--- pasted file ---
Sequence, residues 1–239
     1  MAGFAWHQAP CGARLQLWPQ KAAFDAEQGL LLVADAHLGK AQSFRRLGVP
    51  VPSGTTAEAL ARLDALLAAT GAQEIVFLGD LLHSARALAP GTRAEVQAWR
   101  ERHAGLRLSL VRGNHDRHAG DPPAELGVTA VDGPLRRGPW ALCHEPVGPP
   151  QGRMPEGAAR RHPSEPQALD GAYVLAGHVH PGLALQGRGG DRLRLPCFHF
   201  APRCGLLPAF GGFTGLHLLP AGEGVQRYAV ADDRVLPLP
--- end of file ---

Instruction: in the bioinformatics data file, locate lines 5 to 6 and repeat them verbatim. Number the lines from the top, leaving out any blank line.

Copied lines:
   151  QGRMPEGAAR RHPSEPQALD GAYVLAGHVH PGLALQGRGG DRLRLPCFHF
   201  APRCGLLPAF GGFTGLHLLP AGEGVQRYAV ADDRVLPLP